The Hon. Mr. Chadbourne, who is now alive, says, that he remembers several Indians, who used to come down in the sum
mer, and reside on Chadbourne's River. These were said to be of the Ossippee Tribe. This was in the long interval between the three years war which ended in 1727, and that which commenced in 1744.
When the war in 1752 was commenced, there came in from St. François, to Berwick, an Indian, named Amberuse, with his wife; he said that he hated war, and only wanted a place where he could make his brooms, and his baskets, and live in peace; he was indulged with a place on the bank of Worster's River, a few rods south of the road, where he remained peaceable for several years, and finally removed to the river Kenebeck.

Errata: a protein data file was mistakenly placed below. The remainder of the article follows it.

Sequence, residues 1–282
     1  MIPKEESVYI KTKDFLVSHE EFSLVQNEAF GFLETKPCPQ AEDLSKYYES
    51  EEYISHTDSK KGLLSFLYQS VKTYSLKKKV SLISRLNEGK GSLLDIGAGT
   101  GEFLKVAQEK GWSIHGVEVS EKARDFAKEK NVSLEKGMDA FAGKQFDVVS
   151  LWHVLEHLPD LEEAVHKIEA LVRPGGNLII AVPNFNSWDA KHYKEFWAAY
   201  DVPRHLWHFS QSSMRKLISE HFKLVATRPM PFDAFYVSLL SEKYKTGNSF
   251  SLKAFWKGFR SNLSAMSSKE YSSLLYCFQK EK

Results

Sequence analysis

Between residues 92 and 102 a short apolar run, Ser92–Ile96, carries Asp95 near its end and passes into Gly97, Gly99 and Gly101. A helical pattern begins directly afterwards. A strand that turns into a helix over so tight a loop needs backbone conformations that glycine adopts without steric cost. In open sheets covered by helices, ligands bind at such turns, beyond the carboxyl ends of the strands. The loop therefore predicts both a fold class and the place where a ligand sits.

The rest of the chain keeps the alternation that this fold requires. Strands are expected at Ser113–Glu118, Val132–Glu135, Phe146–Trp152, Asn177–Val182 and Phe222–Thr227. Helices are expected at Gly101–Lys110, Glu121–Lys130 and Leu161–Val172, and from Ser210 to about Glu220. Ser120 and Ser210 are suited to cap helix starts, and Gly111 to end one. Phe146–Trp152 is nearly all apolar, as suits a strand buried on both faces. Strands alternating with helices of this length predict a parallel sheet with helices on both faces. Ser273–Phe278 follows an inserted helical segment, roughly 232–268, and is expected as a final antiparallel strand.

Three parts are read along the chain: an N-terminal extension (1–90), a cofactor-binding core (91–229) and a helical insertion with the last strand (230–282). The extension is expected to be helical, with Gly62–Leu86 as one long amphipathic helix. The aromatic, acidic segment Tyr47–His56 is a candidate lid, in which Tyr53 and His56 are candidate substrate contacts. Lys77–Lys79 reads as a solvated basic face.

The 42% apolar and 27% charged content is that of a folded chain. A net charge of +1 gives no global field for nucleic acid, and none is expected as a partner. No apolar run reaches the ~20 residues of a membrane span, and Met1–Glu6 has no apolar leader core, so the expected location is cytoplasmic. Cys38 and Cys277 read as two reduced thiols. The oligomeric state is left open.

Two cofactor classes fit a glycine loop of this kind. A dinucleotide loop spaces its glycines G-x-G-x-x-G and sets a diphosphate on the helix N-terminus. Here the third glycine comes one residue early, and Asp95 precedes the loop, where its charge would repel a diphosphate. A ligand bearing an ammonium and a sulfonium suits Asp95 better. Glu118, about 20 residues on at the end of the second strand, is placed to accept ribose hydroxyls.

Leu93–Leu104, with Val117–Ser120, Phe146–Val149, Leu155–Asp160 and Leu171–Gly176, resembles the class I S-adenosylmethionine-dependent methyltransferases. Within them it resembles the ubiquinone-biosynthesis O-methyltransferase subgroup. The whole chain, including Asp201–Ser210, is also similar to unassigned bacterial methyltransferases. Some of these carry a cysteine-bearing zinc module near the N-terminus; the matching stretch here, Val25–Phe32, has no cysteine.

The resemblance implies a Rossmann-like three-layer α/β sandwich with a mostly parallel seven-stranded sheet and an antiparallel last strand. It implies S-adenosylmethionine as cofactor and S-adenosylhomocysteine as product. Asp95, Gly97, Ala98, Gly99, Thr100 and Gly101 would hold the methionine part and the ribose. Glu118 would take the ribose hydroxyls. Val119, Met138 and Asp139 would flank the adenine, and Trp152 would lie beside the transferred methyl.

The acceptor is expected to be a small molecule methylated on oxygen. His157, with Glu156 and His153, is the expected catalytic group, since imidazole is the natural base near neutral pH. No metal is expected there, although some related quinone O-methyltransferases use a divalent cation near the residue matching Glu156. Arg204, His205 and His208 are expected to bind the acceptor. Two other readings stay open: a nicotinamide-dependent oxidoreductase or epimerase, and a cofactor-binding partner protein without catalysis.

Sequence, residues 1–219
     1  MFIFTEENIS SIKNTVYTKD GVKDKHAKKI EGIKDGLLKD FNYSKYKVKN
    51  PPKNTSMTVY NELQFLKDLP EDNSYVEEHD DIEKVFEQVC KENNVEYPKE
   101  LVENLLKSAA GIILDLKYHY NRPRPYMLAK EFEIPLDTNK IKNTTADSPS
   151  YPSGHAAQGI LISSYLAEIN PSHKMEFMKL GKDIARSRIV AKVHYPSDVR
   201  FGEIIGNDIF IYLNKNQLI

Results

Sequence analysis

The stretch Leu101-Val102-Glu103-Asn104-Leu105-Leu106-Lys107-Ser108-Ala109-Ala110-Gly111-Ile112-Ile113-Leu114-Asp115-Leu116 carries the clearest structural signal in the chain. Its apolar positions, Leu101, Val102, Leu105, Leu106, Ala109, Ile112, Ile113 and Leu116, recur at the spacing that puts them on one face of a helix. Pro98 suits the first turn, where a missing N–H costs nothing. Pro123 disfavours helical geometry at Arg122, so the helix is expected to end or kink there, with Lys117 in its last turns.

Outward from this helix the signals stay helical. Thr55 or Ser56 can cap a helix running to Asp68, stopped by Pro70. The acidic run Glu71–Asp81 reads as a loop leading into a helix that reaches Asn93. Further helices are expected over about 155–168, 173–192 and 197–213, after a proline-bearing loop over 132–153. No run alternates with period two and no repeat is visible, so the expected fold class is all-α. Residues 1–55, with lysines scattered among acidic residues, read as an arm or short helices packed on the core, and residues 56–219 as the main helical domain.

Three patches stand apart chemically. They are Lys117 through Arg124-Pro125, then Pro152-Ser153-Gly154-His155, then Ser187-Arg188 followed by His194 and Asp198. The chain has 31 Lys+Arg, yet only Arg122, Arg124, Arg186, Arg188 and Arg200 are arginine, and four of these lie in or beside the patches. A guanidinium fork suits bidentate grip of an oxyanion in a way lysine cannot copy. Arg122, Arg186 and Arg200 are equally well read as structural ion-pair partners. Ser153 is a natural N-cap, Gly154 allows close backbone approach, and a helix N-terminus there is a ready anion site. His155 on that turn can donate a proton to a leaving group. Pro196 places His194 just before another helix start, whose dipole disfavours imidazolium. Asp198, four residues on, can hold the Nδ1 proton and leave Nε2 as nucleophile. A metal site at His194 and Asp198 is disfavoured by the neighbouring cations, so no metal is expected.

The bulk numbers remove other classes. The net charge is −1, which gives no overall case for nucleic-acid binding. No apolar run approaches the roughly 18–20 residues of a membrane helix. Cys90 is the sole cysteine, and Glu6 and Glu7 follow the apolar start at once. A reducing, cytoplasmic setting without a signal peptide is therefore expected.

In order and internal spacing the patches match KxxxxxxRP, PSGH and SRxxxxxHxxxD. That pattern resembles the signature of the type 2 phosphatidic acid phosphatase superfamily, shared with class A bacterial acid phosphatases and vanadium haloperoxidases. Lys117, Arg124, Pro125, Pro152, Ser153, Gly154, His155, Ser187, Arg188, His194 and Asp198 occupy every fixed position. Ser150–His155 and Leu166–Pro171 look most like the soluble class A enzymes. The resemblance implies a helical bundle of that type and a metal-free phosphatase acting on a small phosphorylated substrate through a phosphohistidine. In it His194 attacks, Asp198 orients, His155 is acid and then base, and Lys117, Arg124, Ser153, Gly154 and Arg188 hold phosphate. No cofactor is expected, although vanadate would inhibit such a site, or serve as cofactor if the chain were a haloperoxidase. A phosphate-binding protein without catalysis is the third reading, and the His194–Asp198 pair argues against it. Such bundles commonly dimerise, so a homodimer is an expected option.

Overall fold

The posterity of the first settlers remain in Berwick at the present day. Judge Chadbourne, is the great grandson of Humphrey Chadbourne, who came over in 1636, and purchased land of the sachem Knowles, in 1643. Captain Samuel Lord's wife, was the grand daughter of Tozier, who was killed in 1675. She died since the year 1758, and has left a numerous posterity.
1. York Records, Book first.
2. York Records.
3. Kittery and York Massachusetts Records, Vol. II.
4. Kittery Rec.
5. Hon. Judge Chadbourne's Manuscript, written in 1793, wherein he says, "I am now seventy five years old, and since I can remember, there was no house between mine and Canada."
6. Belknap's History, Vol. II.
7. The Author knew him personally.
Edited by Terry and Linda Heller, Coe College